Hotel Customer Loyalty: Who to reward new customers or loyal ones?
Resort loyalty marketing tips
Hotel customer loyalty programs can be very tricky. Many of our hotel clients ask us which customer we think they should reward: new ones or current ones. Today, many hotels and resorts reward new customers as way to generate trial to their product, with some rewarding only those loyal customers who stay often at their properties. When considering adding a loyalty program for your hotel or resort, the question is which one of these strategies to pursue, either rewarding new customers or current customers.
The answer, just like most things, is “it depends”. Why it depends? Because every hotel has a unique scenario. However, we can provide you with a little guidance with two simple scenarios you might have and help choosing the right customer to reward in your loyalty program.
Two Camps of Thought about Customer Loyalty.
At Valorem Group we have two camps of thought about loyalty, the Business Camp that suggests that those customers who repeat often are in love with the hotel’s services and amenities, and that s/he would be willing to pay more for it, making discounting a decision that will negatively impact the bottom line. They believe that only new customers should be rewarded to generate trial and that current customers should be awarded little in the form of rewards other than low cost upgrades.
The other camp is the Loyalist Camp that believes that the only way to maintain a client is by offering them perks that keep them spending more money, more often, for more products/services. They claim that discounting leads to a loyal customer with a lifetime value that positively impacts the bottom line in the long term, and that new customers should not be rewarded without proving loyal habits. They claim that rewarding new customers only decreases the value of patronage to your loyal customers.
Two scenarios to help you decide whom to reward.
We think that both camps have valid points, but that the validity of the points depends on the hotel and resort’s competitive landscape. Lets first cover the two simple scenarios that hotels and resorts are very familiar with to help us decide whom to reward: 1) Hyper competition. We hear about it all the time, more hotels, more inventories, more options for the consumer and more tools which keep consumer focus on price. 2) A small concentration of customers that repeat often and produce most of the hotel and resorts revenue. Yes, it is the famous 80/20 rule, where 20% of your customers produce 80% of your revenue.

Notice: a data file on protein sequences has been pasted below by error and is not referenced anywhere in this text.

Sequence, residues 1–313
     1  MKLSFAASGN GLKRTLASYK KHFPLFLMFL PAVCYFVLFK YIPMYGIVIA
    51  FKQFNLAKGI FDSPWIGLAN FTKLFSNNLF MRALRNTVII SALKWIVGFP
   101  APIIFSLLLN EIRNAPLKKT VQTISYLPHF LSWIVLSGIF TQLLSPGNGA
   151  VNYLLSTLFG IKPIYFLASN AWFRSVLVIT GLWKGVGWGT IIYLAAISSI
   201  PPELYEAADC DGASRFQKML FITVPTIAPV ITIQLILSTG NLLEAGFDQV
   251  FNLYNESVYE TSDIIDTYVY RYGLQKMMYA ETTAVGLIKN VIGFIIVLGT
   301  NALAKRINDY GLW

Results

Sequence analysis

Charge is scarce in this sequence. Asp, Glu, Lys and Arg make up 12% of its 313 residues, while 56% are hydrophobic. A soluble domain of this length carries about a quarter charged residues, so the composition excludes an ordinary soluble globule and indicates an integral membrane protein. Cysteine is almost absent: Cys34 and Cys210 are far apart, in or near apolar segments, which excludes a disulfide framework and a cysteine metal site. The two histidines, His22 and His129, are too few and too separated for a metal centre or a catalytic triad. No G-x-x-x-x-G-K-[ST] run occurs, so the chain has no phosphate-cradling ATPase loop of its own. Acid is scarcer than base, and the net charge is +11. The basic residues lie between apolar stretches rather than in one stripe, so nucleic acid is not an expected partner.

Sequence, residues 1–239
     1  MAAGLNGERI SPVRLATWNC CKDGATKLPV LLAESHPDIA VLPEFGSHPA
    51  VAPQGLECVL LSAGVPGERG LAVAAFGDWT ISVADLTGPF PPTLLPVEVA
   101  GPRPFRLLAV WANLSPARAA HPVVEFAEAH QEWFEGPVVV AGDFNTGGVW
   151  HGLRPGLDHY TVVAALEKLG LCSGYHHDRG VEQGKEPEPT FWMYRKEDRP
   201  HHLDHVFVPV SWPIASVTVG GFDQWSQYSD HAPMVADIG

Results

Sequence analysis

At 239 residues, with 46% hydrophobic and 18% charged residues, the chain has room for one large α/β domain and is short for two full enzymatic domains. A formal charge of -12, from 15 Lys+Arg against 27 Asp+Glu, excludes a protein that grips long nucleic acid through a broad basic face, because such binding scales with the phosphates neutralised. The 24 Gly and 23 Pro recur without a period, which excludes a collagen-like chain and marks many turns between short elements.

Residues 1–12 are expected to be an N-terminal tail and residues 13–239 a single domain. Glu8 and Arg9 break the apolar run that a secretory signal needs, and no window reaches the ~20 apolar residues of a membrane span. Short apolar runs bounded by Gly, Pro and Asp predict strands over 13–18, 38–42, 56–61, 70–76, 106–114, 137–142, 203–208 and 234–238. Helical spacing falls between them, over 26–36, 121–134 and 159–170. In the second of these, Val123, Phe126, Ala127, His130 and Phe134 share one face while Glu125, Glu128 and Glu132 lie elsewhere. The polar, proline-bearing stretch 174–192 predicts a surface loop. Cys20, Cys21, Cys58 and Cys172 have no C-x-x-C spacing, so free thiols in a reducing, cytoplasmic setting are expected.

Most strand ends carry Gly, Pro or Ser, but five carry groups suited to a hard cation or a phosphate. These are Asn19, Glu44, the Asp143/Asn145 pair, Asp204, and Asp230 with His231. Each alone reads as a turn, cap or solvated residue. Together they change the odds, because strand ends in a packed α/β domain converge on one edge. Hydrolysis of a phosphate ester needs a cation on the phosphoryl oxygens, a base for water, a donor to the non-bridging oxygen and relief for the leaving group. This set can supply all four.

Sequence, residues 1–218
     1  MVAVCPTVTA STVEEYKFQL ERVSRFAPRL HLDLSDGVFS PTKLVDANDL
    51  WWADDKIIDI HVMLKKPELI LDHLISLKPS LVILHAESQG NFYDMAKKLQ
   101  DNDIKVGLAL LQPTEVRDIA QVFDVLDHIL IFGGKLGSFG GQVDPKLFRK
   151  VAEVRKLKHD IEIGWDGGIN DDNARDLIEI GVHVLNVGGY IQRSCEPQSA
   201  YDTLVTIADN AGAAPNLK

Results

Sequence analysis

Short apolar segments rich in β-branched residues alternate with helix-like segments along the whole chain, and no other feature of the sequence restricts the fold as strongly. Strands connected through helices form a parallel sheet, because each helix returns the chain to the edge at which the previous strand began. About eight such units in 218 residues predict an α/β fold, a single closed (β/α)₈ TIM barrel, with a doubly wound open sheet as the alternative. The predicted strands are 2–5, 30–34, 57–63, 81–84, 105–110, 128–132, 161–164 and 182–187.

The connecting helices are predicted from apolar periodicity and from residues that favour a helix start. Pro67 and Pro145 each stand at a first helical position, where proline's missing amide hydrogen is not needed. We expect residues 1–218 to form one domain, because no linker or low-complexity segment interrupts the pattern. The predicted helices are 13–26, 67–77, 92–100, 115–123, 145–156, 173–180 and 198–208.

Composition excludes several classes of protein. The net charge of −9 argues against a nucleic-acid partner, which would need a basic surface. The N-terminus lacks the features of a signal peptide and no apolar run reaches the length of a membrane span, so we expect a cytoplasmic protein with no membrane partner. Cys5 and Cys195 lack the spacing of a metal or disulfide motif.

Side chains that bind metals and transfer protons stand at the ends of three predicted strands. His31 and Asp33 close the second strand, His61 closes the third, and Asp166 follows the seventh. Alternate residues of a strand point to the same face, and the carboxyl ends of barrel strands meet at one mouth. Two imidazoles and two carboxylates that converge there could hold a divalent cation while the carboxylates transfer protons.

Discount in Highly Competitive Markets.
The rule of thumb is that if you have a highly competitive environment, you discount to new customers. If you have low competitive environment then you don’tdiscount to new customers, yet focus on loyalty. That should make sense to industry players who might have been at a resort in a not-so-popular area, and as more inventory comes on line have seen ADR and RevPar come down in an effort to drive trial to their resorts. Imagine for example the first hotels in Cancun and compare it to today’s hyper competitive arena. Hotels and resorts are clamoring for new business [heads in beds] and for that are continuously offering discounts for new guests.
If along with a large competitive set you also have an equal-spend-customer, meaning that every guest spends the same amount of money at your resort or hotel, then we see the path of rewarding new customers as optimal. Remember, offering rewards to frequent-stay guests will not ensure a repeat visitor if there are many low priced options from competitors in your market space. In these two scenarios, discounting to NEW CUSTOMERS is the absolute way to go.
High Competition, Low Concentration of High Paying Customers.
If on the other hand you have a high amount of spend among a small percentage of guests [the 80/20 rule exists], then you only discount to your most loyal and profitable guests. Yes, this means you measure the amount the dollar spend of those guests to make sure they are your best customers. It also means you gauge the amount of services that they consume on and off site and debit it to from their total spend [to make sure your margins are not already at an all time low].
When Your Loyal Customer is a Drain on your Budget.
Have you ever had that loyal customer that absorbs most of your front desk personnel’s time and that of the hotel wait staff , who returns more food then s/he consumes, and cancels their reservations more often? All of this is cost and should be tallied as a debit to that customer’s loyalty algorithm to ensure that you are not spending all of your staff’s time on one very loyal customer (unfortunately). Many ask us if they should “fire” their best clients, and we always say “NO WAY”. You should reassess their real costs and charge them more. Yes, charge more and provide little if any loyalty rewards for a return visit. We suggest you don.t tell them, just do it.
Are loyal customers really loyal?
One thing to watch out for too is the loyalty rate of your most faithful customers. So before you whip out the Perma Perks program for Mr. Smith, make sure that Mr. Smith’s company offices aren’t next door to your hotel and that he will stay there every time he is in town versus commuting 45 minutes to get to work in the morning from an alternative hotel. Make sure you are not on the way to the airport and that Mr. Smith doesn’t come in for a meeting and next morning move on to the next country. Make sure Mr. Smith isn’t an investment banker and that your hotel doesn’t already offer him/her a great image in the community. His rewards may be different. Everything must be looked at and the right program designed.